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That Fortune   By: (1829-1900)

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By Charles Dudley Warner


On a summer day, long gone among the summer days that come but to go, a lad of twelve years was idly and recklessly swinging in the top of a tall hickory, the advance picket of a mountain forest. The tree was on the edge of a steep declivity of rocky pasture land that fell rapidly down to the stately chestnuts, to the orchard, to the cornfields in the narrow valley, and the maples on the bank of the amber river, whose loud, unceasing murmur came to the lad on his aerial perch like the voice of some tradition of nature that he could not understand.

He had climbed to the topmost branch of the lithe and tough tree in order to take the full swing of this free creature in its sport with the western wind. There was something exhilarating in this elemental battle of the forces that urge and the forces that resist, and the harder the wind blew, and the wider circles he took in the free air, the more stirred the boy was in the spring of his life. Nature was taking him by the hand, and it might be that in that moment ambition was born to achieve for himself, to conquer.

If you had asked him why he was there, he would very likely have said, "To see the world." It was a world worth seeing. The prospect might be limited to a dull eye, but not to this lad, who loved to climb this height, in order to be with himself and indulge the dreams of youth. Any pretense would suffice for taking this hour of freedom: to hunt for the spicy checker berries and the pungent sassafras; to aggravate the woodchucks, who made their homes in mysterious passages in this gravelly hillside; to get a nosegay of columbine for the girl who spelled against him in school and was his gentle comrade morning and evening along the river road where grew the sweet flag and the snap dragon and the barberry bush; to make friends with the elegant gray squirrel and the lively red squirrel and the comical chipmunk, who were not much afraid of this unarmed naturalist. They may have recognized their kinship to him, for he could climb like any squirrel, and not one of them could have clung more securely to this bough where he was swinging, rejoicing in the strength of his lithe, compact little body. When he shouted in pure enjoyment of life, they chattered in reply, and eyed him with a primeval curiosity that had no fear in it. This lad in short trousers, torn shirt, and a frayed straw hat above his mobile and cheerful face, might be only another sort of animal, a lover like themselves of the beech nut and the hickory nut.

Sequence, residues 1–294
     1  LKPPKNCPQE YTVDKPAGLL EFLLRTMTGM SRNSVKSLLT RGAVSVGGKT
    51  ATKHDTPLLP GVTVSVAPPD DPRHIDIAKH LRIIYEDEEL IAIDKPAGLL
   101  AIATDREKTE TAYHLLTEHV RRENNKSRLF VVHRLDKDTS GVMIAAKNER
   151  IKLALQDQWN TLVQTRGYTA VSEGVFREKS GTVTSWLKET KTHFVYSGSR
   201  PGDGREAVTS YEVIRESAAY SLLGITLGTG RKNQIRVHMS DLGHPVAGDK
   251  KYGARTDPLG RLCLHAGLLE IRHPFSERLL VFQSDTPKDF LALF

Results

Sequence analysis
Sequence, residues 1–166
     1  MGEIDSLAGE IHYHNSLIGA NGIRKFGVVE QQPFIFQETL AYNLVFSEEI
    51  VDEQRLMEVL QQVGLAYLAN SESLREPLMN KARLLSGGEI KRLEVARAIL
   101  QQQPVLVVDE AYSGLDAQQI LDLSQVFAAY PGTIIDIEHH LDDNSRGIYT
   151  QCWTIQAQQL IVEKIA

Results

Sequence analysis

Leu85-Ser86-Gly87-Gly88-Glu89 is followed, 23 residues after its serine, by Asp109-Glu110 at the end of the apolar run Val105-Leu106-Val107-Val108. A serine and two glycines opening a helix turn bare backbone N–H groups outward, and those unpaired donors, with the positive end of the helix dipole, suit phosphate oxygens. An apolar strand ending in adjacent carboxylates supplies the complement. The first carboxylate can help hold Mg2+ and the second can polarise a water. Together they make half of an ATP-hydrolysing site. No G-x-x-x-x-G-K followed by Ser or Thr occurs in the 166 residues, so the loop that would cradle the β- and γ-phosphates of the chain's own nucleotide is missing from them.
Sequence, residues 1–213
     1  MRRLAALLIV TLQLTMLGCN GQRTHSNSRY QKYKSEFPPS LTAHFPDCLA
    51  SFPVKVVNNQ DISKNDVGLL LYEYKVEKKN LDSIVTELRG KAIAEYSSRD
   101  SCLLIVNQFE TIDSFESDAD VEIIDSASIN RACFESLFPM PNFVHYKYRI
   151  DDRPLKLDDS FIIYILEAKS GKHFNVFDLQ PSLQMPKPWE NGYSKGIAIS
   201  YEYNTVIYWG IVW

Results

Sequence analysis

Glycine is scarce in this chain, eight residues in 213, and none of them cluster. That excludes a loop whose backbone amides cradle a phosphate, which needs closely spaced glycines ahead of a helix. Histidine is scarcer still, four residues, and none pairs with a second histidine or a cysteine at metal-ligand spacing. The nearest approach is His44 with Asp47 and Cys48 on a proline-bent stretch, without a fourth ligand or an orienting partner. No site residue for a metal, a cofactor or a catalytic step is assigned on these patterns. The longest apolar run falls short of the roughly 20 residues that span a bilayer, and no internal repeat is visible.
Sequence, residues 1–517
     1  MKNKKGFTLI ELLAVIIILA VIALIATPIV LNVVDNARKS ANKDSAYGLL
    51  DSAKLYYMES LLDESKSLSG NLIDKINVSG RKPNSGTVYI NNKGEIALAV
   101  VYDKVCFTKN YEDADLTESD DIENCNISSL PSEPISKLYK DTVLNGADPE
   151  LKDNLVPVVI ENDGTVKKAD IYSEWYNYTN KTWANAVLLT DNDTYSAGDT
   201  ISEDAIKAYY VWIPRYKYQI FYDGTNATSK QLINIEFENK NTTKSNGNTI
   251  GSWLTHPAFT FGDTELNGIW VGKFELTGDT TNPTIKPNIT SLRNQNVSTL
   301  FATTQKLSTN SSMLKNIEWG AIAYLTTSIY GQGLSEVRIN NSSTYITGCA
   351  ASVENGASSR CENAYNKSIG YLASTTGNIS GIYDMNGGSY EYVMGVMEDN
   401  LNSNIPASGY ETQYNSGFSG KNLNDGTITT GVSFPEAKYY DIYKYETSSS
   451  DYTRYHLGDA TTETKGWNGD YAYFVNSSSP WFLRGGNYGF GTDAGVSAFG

It was a gay world up here among the tossing branches. Across the river, on the first terrace of the hill, were weather beaten farmhouses, amid apple orchards and cornfields. Above these rose the wooded dome of Mount Peak, a thousand feet above the river, and beyond that to the left the road wound up, through the scriptural land of Bozrah, to high and lonesome towns on a plateau stretching to unknown regions in the south. There was no bar to the imagination in that direction. What a gracious valley, what graceful slopes, what a mass of color bathing this lovely summer landscape! Down from the west, through hills that crowded on either side to divert it from its course, ran the sparkling Deerfield, from among the springs and trout streams of the Hoosac, merrily going on to the great Connecticut. Along the stream was the ancient highway, or lowway, where in days before the railway came the stage coach and the big transport wagons used to sway and rattle along on their adventurous voyage from the gate of the Sea at Boston to the gate of the West at Albany.

Below, where the river spread wide among the rocks in shallows, or eddies in deep, dark pools, was the ancient, long, covered, wooden bridge, striding diagonally from rock to rock on stone columns, a dusky tunnel through the air, a passage of gloom flecked with glints of sunlight, that struggled in crosscurrents through the interstices of the boards, and set dancing the motes and the dust in a golden haze, a stuffy passage with odors a century old who does not know the pungent smell of an old bridge? a structure that groaned in all its big timbers when a wagon invaded it... Continue reading book >>

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